The marketplace model of person-to-person lending on the internet enables peer lenders to locate peer borrowers and vice-versa. This model connects borrowers with lenders through an auction-like process in which the lender willing to provide the lowest interest rate "wins" the borrower's loan. The marketplace process may include other intermediaries who package and resell the loans, but the loans are ultimately sold to individuals or pools of individuals.
The "family and friend" model forgoes the auction-like process entirely and concentrates on borrowers and lenders who already know each other, as with two friends or business colleagues formalizing a personal loan. Whereas the primary benefit of the marketplace model is the "match making" aspect, the family and friend model emphasizes online collaboration, loan formalization and servicing.
Traditionally, lending institutions have benefited from scale and diversification. By pooling the available money supply and lending it out again, the impact of any one default is made trivial in light of the timely payment of the vast majority of the notes outstanding. The downside to this model is that it has introduced greater transaction overhead and removed community loyalty from the equation. Person-to-Person or Peer-to-Peer Lending models attempt to reintroduce the social components that are lost in traditional centralized banking models, while maintaining a mixed quantitative/qualitative balance of diversification - as opposed to the purely quantitative diversification available through institutional lending. They also attempt to take advantage of the lack of overhead, thereby reducing the traditional bid/ask spread implicit in traditional bank lending models. For example, a bank may offer its deposit customers a meager 1% return, yet, at the same time, lend those same customer funds out for a much higher rate of interest. Peer to Peer Lending attempts to correct this inefficiency and create a "virtuous cycle" which would allow those who have funds to lend to garner a better return, while, at the same time, providing a more favorable interest rate to those who need to borrow. It also allows individual participants to directly control their own funds, as opposed to the traditional banking/lending models which pool all funds together and completely remove individuals from decision-making.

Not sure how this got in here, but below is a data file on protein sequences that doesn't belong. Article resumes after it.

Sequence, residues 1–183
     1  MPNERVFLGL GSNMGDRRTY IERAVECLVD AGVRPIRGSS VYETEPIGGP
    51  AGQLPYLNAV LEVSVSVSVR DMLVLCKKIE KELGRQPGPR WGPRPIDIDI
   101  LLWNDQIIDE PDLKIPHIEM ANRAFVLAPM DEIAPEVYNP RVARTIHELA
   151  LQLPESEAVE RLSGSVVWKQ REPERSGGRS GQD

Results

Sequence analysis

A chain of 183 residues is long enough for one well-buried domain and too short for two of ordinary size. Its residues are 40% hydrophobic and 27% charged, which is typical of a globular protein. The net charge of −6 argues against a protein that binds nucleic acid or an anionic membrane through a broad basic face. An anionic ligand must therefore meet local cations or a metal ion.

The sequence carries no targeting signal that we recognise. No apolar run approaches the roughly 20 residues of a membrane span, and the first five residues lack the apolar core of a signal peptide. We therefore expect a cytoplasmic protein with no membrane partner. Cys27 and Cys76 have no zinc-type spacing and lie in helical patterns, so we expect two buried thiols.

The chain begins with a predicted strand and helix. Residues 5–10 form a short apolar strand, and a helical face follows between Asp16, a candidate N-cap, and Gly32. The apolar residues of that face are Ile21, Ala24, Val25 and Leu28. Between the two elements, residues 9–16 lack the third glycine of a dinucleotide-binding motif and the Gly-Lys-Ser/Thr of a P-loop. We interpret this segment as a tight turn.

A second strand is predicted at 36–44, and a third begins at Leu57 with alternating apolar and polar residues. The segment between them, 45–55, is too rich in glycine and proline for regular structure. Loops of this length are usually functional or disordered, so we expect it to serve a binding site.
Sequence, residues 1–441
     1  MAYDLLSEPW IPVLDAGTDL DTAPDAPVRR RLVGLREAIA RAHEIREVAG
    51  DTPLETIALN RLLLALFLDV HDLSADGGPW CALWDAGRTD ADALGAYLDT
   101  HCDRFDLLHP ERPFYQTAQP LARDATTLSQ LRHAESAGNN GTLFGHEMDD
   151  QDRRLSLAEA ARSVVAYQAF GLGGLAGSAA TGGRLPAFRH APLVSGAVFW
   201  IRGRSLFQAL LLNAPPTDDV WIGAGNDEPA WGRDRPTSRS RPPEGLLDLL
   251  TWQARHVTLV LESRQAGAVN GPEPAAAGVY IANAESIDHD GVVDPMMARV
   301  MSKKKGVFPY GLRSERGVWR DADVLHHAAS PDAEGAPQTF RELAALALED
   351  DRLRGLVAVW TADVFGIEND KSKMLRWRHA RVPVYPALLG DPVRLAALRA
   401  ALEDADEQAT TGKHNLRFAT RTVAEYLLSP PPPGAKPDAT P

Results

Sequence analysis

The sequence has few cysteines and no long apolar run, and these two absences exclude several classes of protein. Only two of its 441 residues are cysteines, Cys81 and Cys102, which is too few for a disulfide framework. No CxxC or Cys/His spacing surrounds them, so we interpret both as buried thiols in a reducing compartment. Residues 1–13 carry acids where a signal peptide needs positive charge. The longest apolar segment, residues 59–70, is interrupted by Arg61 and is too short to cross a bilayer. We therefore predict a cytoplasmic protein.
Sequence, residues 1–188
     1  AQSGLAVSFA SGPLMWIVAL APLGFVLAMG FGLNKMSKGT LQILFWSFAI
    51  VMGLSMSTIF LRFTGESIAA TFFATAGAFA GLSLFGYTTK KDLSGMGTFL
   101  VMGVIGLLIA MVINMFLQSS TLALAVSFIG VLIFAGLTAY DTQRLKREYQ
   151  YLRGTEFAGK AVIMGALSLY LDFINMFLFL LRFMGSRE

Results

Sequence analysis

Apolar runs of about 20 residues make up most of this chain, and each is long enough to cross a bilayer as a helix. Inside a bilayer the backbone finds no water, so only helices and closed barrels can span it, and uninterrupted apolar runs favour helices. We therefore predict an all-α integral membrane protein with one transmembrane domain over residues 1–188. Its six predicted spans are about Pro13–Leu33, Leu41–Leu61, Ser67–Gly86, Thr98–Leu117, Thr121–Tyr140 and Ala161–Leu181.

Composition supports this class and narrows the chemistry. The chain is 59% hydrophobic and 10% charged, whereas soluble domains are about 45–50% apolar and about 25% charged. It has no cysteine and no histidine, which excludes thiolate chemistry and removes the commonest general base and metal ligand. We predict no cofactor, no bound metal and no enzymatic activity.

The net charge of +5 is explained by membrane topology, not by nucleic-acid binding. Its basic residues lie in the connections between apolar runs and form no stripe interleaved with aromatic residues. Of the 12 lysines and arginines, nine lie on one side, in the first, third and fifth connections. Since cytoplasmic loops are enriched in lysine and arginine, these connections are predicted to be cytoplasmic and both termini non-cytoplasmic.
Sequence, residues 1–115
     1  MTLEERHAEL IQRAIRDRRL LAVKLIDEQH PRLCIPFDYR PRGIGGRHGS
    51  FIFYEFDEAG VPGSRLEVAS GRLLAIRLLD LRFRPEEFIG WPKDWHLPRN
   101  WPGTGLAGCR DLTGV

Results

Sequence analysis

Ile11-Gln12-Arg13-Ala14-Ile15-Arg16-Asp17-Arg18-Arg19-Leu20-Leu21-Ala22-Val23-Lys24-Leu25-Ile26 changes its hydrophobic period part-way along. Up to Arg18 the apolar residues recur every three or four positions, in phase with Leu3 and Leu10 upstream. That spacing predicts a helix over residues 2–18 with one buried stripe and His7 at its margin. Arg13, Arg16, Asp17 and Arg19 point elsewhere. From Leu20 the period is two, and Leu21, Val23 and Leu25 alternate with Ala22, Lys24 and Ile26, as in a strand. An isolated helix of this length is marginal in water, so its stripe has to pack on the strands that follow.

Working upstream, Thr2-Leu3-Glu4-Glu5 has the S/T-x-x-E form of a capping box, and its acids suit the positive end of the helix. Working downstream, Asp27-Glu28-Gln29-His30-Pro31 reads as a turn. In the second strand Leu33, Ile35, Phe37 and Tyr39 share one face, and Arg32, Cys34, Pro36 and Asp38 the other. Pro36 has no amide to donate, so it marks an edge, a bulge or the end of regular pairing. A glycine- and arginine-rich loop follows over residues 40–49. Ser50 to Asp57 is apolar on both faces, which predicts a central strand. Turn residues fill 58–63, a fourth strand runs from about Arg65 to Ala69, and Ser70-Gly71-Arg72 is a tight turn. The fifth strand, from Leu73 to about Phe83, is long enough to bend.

Community lending is a form of Peer-to-Peer Lending which involves intra-group many-to-one or one-to-many credit structures. It has as its theoretical premise the notion that pre-existing interpersonal relationships or other types of social connections between the transacting parties will foster increased fiscal responsibility and thereby improve repayment performance.